- Da steht ein Baum. (There is a tree.)
- Da stehen Bäume. (There are trees.)
- Sie hat eine Katze. (She has a cat.)
- Sie hat Katzen. (She’s got cats.)
- Wir haben ein Buch. (We have a book.)
- Wir haben Bücher. (We have books.)
Names without adjectives
When using names without having adjectives before them, you also omit the Article.
- Ich tanze mit Gogo. (I’m dancing with Gogo.)
- Er arbeitet bei Lidl. (He works at Lidl.)
Things will look a little bit different when you have an adjective before the name because you will have to add an Article. It’s not the most common thing to do, but it’s used to make sure that the person you’re talking to really understands who or what you’re talking about.
- Ich tanze mit dem netten Gogo. (I’m dancing with the nice Gogo.)
- Er arbeitet beim neuen Lidl. (He works at the new Lidl.)
Also in these cases we have the infamous Zero Article and don’t need to add definite or indefinite Articles.
- Die Gäste trinken 10 Liter Bier. (The guests drink 10 liters of beer.)
- Sie kauft fünf Eier. (She buys five eggs.)
- Er trinkt eine Tasse Tee. (He drinks a cup of tea.) In this case the indefinite Article refers to the measurement, which is one cup. The Article does not refer to the tea.
- Wir essen ein Kilogramm Nudeln. (We eat a kilogram of pasta.)
After abstract nouns there is no need to use an Article.
- Sie beweist viel Mut. (She’s showing a lot of courage.)
- Stefanie hat Angst vor der Dunkelheit. (Stefanie is afraid of the darkness.)
- Wir brauchen Hilfe. (We need help.)
Nationalities and languages
When talking about nationalities and languages you can skip the Article without any problem!
- Er ist Italiener. (He’s Italian.)
- Sie lernen Deutsch. (They’re learning German.)
- Katie und Jan sprechen Französisch. (Katie and Jan speak French.)
- Pedro ist Spanier. (Pedro is Spanish.)
Countries and Cities without adjectives
- Wir kommen aus Deutschland. (We’re from Germany.)
- Sie kommt aus Berlin. (She’s from Berlin.)
But be careful! Some countries always require an Article!
- Sie kommt aus der Schweiz. (She’s from Switzerland.)
- Er lebt in der Türkei. (He lives in Turkey.)
And just like we had the situation with the names in the previous paragraph, we can add an Article to the noun when we have an adjective and talk about this one city, country or region in specific.
- Sie kommt aus dem schönen Berlin. (She comes from beautiful Berlin.)
- Ich lebe im sonnigen Spanien. (I live in sunny Spain.)
Here a question for 100 points: which city is this?
The Zero Article for professions
When we talk about professions and use the verbs “sein” or “werden” or the conjunction “als”.
- Gogo ist Lehrer. (Gogo is a teacher.)
- Katie will Tierärztin werden. (Katie wants to become a veterinarian.)
- Sie arbeiten als Kellner. (They work as waiters.)
Possessive Articles are determiners, just like definite and indefinite Articles. They belong to the nouns and cannot be used alone, only in connection with nouns. The possessive articles indicate possession or belonging.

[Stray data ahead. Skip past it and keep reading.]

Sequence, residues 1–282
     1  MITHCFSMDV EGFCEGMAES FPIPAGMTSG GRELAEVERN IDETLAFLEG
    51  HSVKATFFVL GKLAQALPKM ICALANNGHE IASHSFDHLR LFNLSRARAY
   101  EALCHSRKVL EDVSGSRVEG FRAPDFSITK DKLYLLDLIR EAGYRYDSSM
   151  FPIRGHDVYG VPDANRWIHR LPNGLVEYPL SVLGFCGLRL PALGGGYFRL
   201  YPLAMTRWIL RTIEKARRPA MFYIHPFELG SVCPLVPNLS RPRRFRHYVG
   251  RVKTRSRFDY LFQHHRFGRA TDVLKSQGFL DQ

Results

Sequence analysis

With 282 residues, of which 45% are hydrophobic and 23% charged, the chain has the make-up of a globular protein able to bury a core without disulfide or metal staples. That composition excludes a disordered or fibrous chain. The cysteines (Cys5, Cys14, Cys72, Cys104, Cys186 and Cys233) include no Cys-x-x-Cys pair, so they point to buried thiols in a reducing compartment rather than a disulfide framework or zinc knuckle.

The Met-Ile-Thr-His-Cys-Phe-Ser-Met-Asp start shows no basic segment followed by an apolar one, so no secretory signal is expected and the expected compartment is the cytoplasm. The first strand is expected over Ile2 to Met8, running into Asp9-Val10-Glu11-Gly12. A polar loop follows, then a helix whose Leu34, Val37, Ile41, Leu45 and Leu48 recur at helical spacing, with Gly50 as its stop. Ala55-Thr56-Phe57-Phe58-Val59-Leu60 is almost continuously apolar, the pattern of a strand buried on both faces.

These Articles are nearly the same as the possessive pronouns. However, the difference between the two is just as I explained earlier: The Articles are determiners and have to stand before a noun. Pronouns, on the other hand, can be used instead of nouns.
The possessive Articles change depending on the person and gender they refer to. Here’s a table where you can see all the Articles at a glance.
Let’s have a look at some examples.
- Ist das dein Kaffee? Ja, das ist mein Kaffee. (Is this your coffee? Yes, this is my coffee.)
- Das sind Katie und ihr Hund. (These are Katie and her dog.)
- Wie ist Ihr Name? (What is your name?)
- Das ist Christian und das ist sein Bruder. (This is Christian and this is his brother.)
- Das ist mein Bruder und das sind unsere Eltern. (This is my brother and these are our parents.)
Dig deeper into the topic of the possessive Articles and watch Anja’s video. You will find plenty of exercises to practice with Anja. Have fun!
The negative Articles
Negative Articles are used to explain when “something is not”. While in English there is always one way to express that, in German there are two different words and ways to say that something is not.
The two magic words are “nicht” and “kein”. Now, I can already see that look on your face, asking me how to know when to use “nicht” and when to use “kein”.
We use “nicht” to negate verbs, adjectives and adverbs
- Ich verstehe. Ich verstehe nicht. (I understand. I don’t understand.)
- Du bist lustig. Du bist nicht lustig. (You’re funny. You’re not funny.)
- Wir sind immer pünktlich. Wir sind nicht immer pünktlich. (We’re always punctual. We’re not always punctual.)
We use “kein” for nouns
- Das sind Äpfel. Das sind keine Äpfel. (These are apples. These aren’t apples.)
The world of Articles is fun! It can be a bit challenging sometimes, but if you follow the rules and indications I promise you won’t have any problems with them.